SHE has listened to their concerns outside petrol stations, shopping centres, milk bars and other local venues. At her first "listening post", held after she was first elected to the Bendigo Council, 30 people lined up to discuss local issues with Lisa Ruffell.
Fast forward four years and the queues might be even longer.
Cr Ruffell is no longer a freshly elected councillor learning the ropes of local government, she is the newly elected mayor of Bendigo and has declared that she will open the doors of the mayor's office to Bendigo residents once a month in the name of "community engagement".
No appointment is necessary. Though with a population of about 105,000, making an appointment to see the mayor might be wise. Appointments will be taken.
For one Monday a month, from 9am to 1pm, Cr Ruffell will sit down and meet people who want to discuss Bendigo issues. It could be big picture discussions about the city's future, or more day-to-day matters such as planning concerns, footpaths, drainage, managing local reserves - even rates.
Cr Ruffell is happy to discuss any matters affecting residents. She is willing to listen to criticism of council as well as (and she hopes to get) positive feedback. She expects robust points of view, but one thing she will not tolerate during the "mayor's office" meetings is abuse.
"If they get abusive I'll show them the door," she says.
Cr Ruffell anticipates that each meeting will last about 10 minutes, but pledges that she will not "rush" people out.
The first mayor's office meeting day will be held on Tuesday, November 27, just 22 days after her election as mayor, and the first appointment, for 9am on that day, has already been booked. From next January the meetings will be on Mondays.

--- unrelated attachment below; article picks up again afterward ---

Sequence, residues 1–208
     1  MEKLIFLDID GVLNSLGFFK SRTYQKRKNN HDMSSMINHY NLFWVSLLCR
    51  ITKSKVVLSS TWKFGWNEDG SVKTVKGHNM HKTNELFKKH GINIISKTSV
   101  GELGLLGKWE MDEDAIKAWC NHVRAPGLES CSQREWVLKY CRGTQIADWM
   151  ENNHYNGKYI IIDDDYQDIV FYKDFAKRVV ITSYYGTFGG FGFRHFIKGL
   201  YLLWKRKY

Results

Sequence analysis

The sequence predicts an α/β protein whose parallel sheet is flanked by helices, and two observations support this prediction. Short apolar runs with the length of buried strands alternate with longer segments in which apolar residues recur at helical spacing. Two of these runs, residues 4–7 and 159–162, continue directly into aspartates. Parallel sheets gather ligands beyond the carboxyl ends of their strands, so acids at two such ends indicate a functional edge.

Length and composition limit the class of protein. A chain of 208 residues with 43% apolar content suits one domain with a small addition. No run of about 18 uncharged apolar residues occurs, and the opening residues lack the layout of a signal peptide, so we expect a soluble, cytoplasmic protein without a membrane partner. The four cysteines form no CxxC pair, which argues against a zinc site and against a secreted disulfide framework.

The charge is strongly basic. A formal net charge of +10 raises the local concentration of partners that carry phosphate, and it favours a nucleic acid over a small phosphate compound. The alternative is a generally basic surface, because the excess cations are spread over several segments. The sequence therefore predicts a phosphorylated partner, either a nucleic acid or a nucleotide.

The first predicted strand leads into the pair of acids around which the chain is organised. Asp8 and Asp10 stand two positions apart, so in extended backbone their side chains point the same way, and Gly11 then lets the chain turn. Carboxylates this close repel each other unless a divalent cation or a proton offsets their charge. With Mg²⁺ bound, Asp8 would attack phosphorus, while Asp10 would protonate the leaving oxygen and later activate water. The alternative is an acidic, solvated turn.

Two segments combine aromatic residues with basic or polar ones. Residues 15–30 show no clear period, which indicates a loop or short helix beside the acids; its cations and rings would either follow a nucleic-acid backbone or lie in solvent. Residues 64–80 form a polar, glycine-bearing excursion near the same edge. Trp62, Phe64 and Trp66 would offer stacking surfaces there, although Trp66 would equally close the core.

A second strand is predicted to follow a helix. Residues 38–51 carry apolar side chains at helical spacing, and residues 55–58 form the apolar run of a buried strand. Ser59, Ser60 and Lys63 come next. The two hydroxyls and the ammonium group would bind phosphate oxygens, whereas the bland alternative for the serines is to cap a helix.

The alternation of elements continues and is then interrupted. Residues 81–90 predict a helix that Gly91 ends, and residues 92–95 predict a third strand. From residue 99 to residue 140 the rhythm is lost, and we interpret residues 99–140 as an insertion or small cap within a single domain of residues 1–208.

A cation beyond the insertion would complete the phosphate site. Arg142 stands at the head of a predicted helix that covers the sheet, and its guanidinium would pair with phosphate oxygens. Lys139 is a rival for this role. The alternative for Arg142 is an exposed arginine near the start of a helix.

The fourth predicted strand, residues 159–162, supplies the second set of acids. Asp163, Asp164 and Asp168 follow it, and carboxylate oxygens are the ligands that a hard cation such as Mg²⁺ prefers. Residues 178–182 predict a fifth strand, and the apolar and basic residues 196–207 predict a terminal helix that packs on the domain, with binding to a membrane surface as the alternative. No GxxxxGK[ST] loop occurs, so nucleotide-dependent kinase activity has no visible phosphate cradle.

While local councillors have always been accessible (many, but not all councils publish the mobile phone numbers and email addresses of councillors on their website), Cr Ruffell's move takes community engagement to a different level.
"It's always been there, that you could always talk to a mayor and councillors. I'm just taking that next step further, by saying 'we are approachable, we're not a closed book situation . . . you can come in and talk to us'," she says.
"I really want to be accessible to the community, I want to hear their thoughts. That's the main thing. If we're not listening to what the community is asking us or telling us, we can't really plan ahead," she says.
Cr Ruffell highlighted five key policy areas to focus on during her one-year term as mayor. She has called for a comprehensive transport study for Bendigo, an independent review to ensure that ratepayers' money is being spent efficiently, a focus on delivering basic amenities such as lighting and footpaths, a review of all council strategies and plans, and she wants the council to take a leadership role in resolving the huge problem councils face in terms of unfunded superannuation liabilities.
Cr Ruffell, who ran unsuccessfully as a Liberal candidate in the 2002 state election, says she will step away from the family business, Ruffell Family Jewellers, during her term so that she can concentrate full time on the role of mayor.